Visa CEO Al Kelly to step down in February, Ryan McInerney named new CEO


Visa Inc. Chief Executive Al Kelly plans to step down from that role in February, to be replaced by Ryan McInerney, the company’s current president and a veteran of the payments giant for nearly a decade.

Kelly, who’s been with Visa V, +0.40% in the CEO role since late 2016, said the timing of the change was right for him in a number of ways, as he’s soon to turn 65 and has a “lot of energy” to move into the next chapter of his life. He plans to embrace both his role as a grandfather and to continue to serve Visa through an executive chairman position on the company’s board of directors.

After working with McInerney for the past six years, Kelly sees him as a worthy successor.

“He is ready to  be the CEO of this company,” Kelly told MarketWatch. “He’s a phenomenal executive. He has the ability to be extraordinarily strategic and he’s also an incredibly thoughtful, get-in-the-weeds problem solver.”

Under Kelly’s tenure thus far as CEO, Visa’s market value has increased to $437 billion from $181 billion, while its stock gained 173%.

He is nearing his 65th birthday next year, as is Visa, based on a popular understanding of the company’s origins.

Visa framed the transition as reflective of “the board’s very well-established and thoughtful succession plan,” according to comments from John Lundgren, the board’s lead independent director, in a press release.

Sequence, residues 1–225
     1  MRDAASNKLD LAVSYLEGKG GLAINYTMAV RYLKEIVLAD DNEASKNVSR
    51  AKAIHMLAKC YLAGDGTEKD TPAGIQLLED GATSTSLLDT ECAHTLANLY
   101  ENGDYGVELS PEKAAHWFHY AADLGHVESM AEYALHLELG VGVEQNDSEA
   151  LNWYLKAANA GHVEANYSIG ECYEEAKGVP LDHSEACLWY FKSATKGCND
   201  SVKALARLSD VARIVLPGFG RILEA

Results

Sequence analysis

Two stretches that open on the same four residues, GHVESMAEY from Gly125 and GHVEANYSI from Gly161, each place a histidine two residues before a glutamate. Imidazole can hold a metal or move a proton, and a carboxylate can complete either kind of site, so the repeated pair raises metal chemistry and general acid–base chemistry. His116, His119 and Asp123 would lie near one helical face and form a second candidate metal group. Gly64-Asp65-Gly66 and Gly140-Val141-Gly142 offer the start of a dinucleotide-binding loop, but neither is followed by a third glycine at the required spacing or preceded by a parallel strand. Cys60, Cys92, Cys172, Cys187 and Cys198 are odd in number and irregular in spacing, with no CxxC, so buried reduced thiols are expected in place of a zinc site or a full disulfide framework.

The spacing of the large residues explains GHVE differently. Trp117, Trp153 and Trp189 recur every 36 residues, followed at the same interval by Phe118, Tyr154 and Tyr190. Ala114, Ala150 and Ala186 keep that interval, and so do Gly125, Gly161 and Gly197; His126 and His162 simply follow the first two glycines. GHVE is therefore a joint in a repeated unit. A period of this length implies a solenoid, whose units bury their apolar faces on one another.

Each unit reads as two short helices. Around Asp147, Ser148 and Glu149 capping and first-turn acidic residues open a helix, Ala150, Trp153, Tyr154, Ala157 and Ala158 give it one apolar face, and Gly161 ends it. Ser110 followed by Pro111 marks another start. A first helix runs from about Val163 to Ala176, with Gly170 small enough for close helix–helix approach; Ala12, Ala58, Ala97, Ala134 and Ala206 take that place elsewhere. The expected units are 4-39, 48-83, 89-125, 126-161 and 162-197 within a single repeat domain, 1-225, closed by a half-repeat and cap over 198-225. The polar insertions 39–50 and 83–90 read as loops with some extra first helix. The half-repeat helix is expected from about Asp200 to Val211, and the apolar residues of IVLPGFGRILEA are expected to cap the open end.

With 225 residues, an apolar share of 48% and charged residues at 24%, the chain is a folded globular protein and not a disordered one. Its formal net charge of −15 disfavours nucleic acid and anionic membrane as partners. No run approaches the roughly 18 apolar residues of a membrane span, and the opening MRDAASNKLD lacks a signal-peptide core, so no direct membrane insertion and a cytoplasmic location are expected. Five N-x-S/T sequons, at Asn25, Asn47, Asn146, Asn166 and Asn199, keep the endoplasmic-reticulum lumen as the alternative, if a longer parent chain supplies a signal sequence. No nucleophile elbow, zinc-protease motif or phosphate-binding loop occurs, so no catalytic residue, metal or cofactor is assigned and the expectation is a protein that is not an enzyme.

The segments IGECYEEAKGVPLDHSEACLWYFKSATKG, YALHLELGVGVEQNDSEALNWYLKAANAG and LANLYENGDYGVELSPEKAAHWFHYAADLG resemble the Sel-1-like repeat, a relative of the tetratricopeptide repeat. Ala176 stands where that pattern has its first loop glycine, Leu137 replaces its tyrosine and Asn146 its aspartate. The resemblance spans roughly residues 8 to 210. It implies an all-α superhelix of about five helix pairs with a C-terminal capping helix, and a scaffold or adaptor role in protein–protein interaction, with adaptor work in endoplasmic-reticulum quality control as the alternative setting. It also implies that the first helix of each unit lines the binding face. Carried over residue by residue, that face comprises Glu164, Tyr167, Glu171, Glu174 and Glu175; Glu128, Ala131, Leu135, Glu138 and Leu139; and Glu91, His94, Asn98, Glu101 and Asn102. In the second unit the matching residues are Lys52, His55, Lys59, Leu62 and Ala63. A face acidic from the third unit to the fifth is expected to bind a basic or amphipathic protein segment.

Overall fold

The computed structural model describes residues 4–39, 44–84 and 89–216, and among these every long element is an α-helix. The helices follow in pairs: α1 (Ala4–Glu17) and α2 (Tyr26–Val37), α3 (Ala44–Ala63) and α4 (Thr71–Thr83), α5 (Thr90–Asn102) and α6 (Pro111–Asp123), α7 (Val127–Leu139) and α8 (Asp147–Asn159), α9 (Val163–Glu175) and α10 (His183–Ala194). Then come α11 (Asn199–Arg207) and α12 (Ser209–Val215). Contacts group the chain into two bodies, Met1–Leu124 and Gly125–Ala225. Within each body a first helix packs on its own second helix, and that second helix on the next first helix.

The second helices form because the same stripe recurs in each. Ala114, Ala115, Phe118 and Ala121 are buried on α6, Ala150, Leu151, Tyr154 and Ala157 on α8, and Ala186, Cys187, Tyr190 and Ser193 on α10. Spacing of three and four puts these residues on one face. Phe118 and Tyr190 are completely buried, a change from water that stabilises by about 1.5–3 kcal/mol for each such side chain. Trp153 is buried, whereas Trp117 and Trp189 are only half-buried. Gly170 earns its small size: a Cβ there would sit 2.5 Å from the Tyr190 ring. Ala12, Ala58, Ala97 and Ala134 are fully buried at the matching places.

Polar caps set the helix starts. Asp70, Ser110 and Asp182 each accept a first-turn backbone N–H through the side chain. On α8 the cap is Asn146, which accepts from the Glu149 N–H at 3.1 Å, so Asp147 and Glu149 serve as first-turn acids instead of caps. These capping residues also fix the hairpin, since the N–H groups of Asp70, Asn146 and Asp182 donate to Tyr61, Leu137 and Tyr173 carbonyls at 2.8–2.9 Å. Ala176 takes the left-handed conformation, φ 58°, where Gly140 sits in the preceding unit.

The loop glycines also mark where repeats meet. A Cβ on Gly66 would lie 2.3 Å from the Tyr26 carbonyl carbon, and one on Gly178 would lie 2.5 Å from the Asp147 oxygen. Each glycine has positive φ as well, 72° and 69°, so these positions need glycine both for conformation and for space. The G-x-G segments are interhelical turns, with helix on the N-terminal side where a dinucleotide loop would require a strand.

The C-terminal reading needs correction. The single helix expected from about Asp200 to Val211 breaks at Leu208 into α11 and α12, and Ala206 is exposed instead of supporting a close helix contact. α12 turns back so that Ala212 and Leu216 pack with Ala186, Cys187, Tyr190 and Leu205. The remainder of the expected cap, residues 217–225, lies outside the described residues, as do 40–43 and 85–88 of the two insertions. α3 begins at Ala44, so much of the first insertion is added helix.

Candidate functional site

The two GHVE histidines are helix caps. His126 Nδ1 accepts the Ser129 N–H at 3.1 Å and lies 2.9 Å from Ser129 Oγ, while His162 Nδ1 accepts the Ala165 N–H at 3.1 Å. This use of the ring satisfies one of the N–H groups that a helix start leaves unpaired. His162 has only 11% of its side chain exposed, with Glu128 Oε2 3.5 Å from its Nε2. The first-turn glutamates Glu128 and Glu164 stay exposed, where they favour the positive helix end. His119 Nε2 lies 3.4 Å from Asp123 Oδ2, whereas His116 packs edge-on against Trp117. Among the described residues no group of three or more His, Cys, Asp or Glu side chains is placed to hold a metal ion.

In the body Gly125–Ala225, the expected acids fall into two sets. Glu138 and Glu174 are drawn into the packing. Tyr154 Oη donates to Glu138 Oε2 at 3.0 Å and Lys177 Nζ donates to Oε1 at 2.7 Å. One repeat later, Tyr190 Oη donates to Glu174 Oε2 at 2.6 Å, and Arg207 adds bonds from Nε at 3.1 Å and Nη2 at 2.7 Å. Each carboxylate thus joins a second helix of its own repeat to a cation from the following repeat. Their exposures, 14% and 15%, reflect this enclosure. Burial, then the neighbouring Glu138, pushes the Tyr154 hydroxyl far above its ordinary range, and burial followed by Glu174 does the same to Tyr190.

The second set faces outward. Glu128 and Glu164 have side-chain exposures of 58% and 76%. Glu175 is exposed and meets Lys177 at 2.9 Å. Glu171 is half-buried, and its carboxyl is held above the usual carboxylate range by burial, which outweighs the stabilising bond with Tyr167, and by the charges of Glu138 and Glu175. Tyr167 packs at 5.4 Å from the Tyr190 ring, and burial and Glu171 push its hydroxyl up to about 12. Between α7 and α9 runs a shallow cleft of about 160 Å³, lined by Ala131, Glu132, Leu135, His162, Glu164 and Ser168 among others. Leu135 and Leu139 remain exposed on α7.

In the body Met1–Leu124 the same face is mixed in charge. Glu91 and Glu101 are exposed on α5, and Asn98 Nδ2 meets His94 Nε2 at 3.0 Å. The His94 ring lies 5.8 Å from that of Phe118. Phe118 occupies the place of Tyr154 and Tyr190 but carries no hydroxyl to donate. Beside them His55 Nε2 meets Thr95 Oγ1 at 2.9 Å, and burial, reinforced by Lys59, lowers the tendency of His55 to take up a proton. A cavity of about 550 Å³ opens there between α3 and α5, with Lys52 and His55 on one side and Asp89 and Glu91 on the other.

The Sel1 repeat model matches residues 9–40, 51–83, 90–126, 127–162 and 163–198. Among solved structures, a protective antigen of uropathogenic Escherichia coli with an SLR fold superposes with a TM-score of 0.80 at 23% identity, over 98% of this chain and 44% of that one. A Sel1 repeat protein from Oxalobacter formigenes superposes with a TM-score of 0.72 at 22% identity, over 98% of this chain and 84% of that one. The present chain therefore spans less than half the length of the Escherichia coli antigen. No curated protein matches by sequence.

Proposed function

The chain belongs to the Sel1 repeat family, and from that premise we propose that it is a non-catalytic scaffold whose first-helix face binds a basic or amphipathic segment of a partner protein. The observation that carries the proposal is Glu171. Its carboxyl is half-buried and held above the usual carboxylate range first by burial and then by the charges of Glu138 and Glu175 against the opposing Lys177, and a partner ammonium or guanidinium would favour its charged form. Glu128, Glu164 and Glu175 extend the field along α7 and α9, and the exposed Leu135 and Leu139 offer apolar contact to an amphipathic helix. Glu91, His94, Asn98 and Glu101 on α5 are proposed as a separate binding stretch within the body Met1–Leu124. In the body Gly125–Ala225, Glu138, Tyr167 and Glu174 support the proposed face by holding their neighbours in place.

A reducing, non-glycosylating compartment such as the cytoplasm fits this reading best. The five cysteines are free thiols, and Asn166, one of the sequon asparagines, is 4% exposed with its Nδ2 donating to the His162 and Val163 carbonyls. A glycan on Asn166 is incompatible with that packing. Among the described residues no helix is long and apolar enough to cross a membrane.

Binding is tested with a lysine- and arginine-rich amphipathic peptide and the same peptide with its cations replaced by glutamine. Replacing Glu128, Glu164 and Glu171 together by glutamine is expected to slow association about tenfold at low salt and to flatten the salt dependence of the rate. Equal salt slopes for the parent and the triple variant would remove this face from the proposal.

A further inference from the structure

“We see this announcement as part of a planned succession and do not think it will be a surprise to investors,” RBC Capital Markets analyst Daniel Perlin wrote in a note to clients.

McInerney has been responsible for Visa’s global businesses in his role as president, looking over the company’s product team and merchant team, among others. He’s been with Visa for almost a decade and sees “huge opportunity over the next 10 years” in areas like business-to-business transactions, government-to-consumer disbursements, and other payment functions that are newer to Visa.

In both emerging and developed markets, he told MarketWatch he sees the potential for an “amazing digitalization of what we call ‘new payment flows.’”

McInerney views Visa founder Dee Hock, who died over the summer at 93, as an “inspiration. Hock was “one of the original disruptors” who “saw things so far in the future that people couldn’t really imagine,” he said.

See also: He saved credit cards, and now he’s inspiring crypto enthusiasts

Kelly, who is staying on the company’s board, said he “will not be involved in the day-to-day running of the company,” but that he will be there to serve as a helper and adviser “for as long as it’s valuable to Ryan and his executive team.”

This article was originally published by Read the original article here.

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